In some cells, such as macrophages, cell surface projections arise, resembling those typically observed during phagocytosis. In other cells, such processes are not found. However, regardless of the host cell used, drugs interfing with actin polymerization inhibit parasite invasion. In processes involving phagocytic cells, it is clear that following parasite attachment there is a process of protein phosphorylation and dephosphorylation. Previous treatment of the host cell with drugs which inhibit protein kinases significantly inhibit cell infection . These observations are relevant from a therapeutic perspective since the inhibition of the host cell infection by infective forms of T. cruzi is a potential and important drug target. At the beginning of the interaction process there is also a process of Ca2+ release from both the parasite and the host cell [Reviews in [25, 26]]. There is also mobilization of host cell lysosomes towards the site of parasite invasion (Review in ).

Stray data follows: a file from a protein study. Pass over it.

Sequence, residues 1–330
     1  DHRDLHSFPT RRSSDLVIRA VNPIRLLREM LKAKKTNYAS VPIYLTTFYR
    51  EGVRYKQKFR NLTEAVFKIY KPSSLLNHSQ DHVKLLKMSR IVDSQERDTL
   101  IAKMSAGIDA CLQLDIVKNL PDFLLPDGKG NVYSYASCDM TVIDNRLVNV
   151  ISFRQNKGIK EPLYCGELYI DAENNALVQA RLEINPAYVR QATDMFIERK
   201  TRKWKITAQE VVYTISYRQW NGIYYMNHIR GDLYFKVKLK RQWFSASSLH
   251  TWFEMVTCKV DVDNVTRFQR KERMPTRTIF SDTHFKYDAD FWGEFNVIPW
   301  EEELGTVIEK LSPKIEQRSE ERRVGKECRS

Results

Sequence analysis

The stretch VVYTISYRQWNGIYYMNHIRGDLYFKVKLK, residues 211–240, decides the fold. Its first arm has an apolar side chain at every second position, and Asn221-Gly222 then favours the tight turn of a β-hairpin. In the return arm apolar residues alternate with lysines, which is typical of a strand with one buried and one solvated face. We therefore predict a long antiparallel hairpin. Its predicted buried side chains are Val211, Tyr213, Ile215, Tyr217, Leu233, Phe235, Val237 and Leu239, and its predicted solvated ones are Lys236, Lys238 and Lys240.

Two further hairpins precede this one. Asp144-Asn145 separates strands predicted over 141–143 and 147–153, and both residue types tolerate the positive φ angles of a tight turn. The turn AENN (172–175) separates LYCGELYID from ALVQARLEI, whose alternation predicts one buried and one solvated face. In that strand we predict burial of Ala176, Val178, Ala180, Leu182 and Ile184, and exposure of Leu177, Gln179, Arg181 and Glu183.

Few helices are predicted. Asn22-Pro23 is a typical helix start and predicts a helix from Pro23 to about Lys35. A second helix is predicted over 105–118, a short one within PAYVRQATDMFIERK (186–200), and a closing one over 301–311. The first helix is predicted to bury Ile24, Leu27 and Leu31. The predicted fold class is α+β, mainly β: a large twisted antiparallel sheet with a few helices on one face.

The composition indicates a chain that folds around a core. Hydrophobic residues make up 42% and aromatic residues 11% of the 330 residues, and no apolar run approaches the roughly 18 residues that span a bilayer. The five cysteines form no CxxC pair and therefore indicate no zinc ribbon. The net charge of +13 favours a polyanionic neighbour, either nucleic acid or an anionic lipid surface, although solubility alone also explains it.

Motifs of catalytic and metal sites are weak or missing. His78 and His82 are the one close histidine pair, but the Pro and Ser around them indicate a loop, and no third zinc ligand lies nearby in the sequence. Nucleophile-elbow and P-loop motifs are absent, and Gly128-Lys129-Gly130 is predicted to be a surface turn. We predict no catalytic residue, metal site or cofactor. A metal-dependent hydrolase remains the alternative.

Taken together, the basic data on the biology of T. cruzi opens several possibilities to develop new chemotherapeutic strategies:
First, it is clear that carbohydrate residues are involved in the early steps of the interaction process, which are fundamental for the infection to be established. The blockage of the glycosylation process may be an interesting target, especially in view of recent observations showing, in the case of T. cruzi, the involvement of a unique O-linked-N-acetylglucosamine-containing oligosaccharide in sialoglycoproteins, with the participation of a O-α-GlcNAc transferase . This enzyme is localized in the Golgi complex of the protozoan .